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Impact of GIC on Autotransformer Saturation

This example illustrates the impact of Geomagnetic Induced Currents (GIC) on autotransformer saturation.


According to [1], GeoMagnetic Disturbances (GMDs) occur when earth is subjected to changes in the energized particle streams emitted by the Sun. Near the Earth’s surface, these changes induce currents, known as geomagnetically induced currents (GICs), in long electrical conductor systems such as electric power transmission and distribution lines, communication lines, rail lines, and pipelines. Under strong GIC, transformers become a source of significant current harmonics due to saturation of their magnetic cores.

The example shows a 735-kV transmission network consisting of a 13-8 kV, 2000 MW generating station (10000-MVA short-circuit level), a 200-km, 735-kV transmission line, a 735/315/12.5 kV, a 1650-MVA autotransformer T2 and a 300-MW load. Autotransformer T2 is built with three single-phase cores, whereas generation transformer T1 uses a 3-limb core. A geomagnetic disturbance is producing a uniform 8 V/km electric field aligned with the transmission line. The resulting DC voltages induced on the transmission line are simulated by three DC voltage sources in series with the line (Vdc = 8*200= 1600 V).

As GIC currents are strongly dependent on line resistances, it is important to use a line model yielding an accurate resistance for both AC and DC phenomena. The line is modeled with the Distributed Parameters Line Frequency Dependant block and associated MAT file.


Run simulation for 10 sec in order to reach steady state. While simulating, observe voltage and current waveforms on Scope1 as well as T2 fluxes and magnetization currents on Scope2. DC components of line currents (GICs), DC component of T1 and T2 fluxes, as well as reactive powers absorbed by T1 and T2 are shown on the Display blocks.

Note the large DC component of T2 fluxes (+ 0.67 pu). Transformer T2 is therefore strongly saturated (See fluxes and Imag waveforms on Scope2). Large non sinusoidal magnetization currents of T2 result in strong harmonic voltage and current distortions (Scope1). Also, the 60-Hz component of magnetizing currents results in large reactive power absorption (Q_T2= 424 Mvar). On the opposite, transformer T1 which uses a 3-limb core has a low DC flux offset. The DC flux of T1 is still decreasing very slowly at t=10 s (see Scope3) and in order to reach steady state you would need to simulate during several hundreds of seconds.

Impact of Autotransformer T2 Core Type

Although it is unlikely to build such a large power autotransformer (1650 MVA) with a single three-phase core, you will now observe impact of using a 3-limb core for T2.

In T2 block menu, change the Core type parameter from Three single-phase units to Three-limb core (core type) and run a new simulation. Observe that the transformer does not saturate anymore. DC fluxes of both T1 and T2 are decreasing very slowly and a simulation of several hundreds of seconds would be required to reach steady state.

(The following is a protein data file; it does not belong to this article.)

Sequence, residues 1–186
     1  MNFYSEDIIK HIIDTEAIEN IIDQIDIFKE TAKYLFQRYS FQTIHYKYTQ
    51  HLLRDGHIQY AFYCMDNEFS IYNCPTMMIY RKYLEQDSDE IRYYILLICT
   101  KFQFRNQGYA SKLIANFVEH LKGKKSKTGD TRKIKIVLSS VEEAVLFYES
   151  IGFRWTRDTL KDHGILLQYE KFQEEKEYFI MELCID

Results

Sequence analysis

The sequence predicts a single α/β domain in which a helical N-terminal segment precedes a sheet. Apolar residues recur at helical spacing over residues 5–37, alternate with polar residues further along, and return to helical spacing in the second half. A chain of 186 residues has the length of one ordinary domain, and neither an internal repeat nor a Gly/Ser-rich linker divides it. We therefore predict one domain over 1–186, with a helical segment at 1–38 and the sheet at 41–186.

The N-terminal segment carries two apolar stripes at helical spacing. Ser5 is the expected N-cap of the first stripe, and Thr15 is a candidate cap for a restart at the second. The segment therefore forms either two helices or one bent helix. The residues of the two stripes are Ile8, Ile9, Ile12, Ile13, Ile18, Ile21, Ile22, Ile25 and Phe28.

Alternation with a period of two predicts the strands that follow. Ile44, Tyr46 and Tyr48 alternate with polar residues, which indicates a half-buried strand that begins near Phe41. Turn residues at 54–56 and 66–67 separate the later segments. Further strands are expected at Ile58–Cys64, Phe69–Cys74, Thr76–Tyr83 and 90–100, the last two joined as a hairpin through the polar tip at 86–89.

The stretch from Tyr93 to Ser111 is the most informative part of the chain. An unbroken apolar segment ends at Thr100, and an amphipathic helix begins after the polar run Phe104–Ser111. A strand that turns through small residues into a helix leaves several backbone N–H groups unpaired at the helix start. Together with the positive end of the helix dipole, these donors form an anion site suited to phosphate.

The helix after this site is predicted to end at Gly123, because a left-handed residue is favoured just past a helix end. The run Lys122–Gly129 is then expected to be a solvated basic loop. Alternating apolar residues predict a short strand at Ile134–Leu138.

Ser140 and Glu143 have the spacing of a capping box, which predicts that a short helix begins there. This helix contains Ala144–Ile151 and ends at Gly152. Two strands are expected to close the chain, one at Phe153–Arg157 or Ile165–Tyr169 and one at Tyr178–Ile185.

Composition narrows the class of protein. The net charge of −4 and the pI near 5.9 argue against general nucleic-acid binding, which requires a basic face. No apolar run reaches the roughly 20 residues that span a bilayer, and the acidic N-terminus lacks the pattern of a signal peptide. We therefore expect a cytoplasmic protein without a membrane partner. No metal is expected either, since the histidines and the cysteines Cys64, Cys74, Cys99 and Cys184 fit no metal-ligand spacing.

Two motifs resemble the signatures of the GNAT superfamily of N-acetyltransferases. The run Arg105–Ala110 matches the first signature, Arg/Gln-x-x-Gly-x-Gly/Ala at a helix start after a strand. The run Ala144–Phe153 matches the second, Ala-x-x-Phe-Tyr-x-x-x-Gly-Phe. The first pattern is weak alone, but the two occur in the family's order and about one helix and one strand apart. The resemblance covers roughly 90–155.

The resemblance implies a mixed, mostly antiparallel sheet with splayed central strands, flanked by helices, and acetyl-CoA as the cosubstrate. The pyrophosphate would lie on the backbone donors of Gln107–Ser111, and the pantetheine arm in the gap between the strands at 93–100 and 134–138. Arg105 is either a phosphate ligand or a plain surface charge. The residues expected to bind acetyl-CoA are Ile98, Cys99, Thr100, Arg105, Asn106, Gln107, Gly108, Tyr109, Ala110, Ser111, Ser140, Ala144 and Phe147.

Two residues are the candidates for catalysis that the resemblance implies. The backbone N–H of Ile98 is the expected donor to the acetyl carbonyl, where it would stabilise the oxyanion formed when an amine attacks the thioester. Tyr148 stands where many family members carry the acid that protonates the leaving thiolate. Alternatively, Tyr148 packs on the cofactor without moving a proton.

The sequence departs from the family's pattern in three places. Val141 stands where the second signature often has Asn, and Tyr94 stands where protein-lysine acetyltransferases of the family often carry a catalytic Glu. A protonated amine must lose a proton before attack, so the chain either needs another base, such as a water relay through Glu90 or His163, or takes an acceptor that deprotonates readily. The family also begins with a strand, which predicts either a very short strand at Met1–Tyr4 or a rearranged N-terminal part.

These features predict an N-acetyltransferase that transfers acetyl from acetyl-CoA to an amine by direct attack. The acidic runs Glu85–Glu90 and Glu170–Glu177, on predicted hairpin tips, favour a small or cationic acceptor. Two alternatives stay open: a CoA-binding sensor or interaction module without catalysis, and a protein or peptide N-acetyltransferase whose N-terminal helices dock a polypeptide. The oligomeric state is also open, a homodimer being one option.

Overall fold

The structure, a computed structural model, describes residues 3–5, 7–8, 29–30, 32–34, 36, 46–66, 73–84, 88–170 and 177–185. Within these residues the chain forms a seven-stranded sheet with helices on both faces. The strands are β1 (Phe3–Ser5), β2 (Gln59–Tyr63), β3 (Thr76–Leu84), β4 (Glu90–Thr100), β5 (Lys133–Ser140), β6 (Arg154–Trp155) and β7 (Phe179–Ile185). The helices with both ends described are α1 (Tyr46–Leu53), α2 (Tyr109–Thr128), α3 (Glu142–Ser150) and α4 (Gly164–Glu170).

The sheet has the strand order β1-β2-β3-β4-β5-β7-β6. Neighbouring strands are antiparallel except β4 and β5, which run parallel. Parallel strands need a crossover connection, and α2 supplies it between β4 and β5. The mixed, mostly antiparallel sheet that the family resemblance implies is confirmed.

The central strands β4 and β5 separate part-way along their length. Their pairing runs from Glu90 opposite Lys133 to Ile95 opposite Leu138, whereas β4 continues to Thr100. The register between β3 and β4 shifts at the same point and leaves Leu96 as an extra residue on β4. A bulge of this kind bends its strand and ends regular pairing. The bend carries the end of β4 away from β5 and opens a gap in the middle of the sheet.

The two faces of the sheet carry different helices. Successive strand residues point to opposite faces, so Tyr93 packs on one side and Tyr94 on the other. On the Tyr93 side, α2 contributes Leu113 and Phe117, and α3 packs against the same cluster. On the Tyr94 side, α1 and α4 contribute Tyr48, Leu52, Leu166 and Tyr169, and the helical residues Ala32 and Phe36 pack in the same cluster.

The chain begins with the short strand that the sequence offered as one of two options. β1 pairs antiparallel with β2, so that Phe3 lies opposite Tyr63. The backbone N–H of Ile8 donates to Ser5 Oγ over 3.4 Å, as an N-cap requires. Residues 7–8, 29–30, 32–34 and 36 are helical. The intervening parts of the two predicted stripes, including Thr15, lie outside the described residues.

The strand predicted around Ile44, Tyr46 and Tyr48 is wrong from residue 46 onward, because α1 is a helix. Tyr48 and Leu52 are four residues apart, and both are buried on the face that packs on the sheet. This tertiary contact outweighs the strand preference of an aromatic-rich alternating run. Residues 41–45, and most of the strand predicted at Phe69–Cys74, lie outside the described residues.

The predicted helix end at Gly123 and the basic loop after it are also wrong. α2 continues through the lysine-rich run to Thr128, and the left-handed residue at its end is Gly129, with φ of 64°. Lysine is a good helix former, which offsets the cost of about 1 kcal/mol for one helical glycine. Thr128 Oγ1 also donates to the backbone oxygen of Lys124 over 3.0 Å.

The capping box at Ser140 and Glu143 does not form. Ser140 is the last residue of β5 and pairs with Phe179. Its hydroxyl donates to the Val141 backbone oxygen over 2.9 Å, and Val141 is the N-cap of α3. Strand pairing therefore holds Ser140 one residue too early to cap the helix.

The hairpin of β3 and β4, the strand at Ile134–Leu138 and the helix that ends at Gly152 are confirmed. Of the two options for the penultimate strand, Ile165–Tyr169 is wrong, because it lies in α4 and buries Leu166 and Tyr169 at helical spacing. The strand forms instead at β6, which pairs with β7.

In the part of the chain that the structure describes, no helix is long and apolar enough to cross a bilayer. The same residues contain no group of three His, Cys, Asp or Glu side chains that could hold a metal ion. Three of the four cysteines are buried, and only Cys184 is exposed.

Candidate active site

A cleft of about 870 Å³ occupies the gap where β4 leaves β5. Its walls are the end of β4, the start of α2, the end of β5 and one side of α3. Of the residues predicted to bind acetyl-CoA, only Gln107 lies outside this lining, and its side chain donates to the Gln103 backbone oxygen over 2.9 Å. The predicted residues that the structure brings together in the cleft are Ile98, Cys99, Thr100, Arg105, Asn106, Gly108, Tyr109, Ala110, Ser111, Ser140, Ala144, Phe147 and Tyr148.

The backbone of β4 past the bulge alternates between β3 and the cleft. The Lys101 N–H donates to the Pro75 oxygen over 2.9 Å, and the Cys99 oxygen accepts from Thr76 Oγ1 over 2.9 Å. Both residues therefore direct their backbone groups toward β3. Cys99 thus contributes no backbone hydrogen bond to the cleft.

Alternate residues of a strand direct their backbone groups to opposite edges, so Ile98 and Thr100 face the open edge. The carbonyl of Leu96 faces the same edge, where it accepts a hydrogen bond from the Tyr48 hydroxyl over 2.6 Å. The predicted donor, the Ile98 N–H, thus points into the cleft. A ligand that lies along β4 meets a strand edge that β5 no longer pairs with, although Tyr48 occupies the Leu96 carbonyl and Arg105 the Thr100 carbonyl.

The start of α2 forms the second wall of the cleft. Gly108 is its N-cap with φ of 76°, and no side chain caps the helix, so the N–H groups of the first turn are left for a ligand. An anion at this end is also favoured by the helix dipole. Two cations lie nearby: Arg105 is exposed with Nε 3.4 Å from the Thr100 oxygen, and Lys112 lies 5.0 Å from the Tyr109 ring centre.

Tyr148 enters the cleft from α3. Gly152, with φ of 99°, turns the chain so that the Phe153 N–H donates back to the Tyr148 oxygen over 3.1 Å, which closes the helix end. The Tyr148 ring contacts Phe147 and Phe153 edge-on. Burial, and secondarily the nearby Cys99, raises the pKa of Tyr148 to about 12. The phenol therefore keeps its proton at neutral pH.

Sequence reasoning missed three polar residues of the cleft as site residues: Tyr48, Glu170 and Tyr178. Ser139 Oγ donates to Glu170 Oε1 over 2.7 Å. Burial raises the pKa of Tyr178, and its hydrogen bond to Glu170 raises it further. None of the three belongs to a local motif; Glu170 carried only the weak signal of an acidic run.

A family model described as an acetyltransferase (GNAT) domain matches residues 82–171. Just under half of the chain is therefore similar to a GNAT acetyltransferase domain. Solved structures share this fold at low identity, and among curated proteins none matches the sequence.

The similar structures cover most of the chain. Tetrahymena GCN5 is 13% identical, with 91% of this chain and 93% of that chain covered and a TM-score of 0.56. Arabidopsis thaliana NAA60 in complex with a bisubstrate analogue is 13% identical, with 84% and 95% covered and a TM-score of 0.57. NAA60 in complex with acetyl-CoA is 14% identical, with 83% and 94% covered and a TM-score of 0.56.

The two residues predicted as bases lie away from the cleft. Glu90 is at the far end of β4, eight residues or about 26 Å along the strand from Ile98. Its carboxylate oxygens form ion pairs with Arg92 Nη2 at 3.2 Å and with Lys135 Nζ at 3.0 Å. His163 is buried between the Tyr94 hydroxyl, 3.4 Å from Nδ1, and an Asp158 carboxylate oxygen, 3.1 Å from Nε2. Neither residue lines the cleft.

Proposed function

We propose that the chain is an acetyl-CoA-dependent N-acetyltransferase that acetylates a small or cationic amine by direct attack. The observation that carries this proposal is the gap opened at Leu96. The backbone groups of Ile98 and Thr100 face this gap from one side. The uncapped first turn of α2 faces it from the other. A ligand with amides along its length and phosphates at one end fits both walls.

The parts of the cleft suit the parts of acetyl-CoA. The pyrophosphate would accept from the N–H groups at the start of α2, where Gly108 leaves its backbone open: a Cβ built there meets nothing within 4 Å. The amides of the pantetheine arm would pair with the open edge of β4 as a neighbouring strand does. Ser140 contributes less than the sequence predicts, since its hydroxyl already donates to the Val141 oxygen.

In case of a 3-limb core, the three equal DC current components of magnetization currents produce a zero-sequence flux component which must circulate outside of the iron core, through the air and the tank. The high reluctance of this flux return path produces a low DC flux component, thus preventing transformer saturation.

Impact of Line Model

The three line currents resulting from DC voltages induced along the line produce three equal DC currents (zero-sequence) which will return through the ground below the line. In DC, this ground return resistance is null, except for the grounding resistances at the two substations.

If you use a Distributed Parameter Line with constant RLC parameters, the ground resistance is determined by the positive- and zero-sequence line resistances (r1 and r0 parameters in ohms/km computed at 50 or 60 Hz). For a line of length L, this ground resistance in DC will be the same as the resistance specified at 50 or 60 Hz and will be given by Rline_ground = (r0-r1)/3*L ohms, whereas it should be zero.

To observe the impact of using a Distributed Parameter line (DPL) instead of the Frequency-Dependent (FD) line, set the Variant choice of the Transmission line block to Choice_2 (DPL 735-kV 200 km). Set the T2 Core type back to Three single-phase units. Run simulation and observe that GICs have dramatically decreased from 295 A to ~25 A. Use of the DPL line model gives wrong GIC because the DPL ground resistance at 0 Hz is the same as the ground resistance at 60 Hz whereas it should be zero.


  1. Geomagnetic Disturbance Monitoring, Approach and Implementation, United States Department of Energy, January 2019

  2. Impact of GIC on Transformers and the Transmission Network, Dietrich Bonmann, ABB AG Bad Honnef, March 2016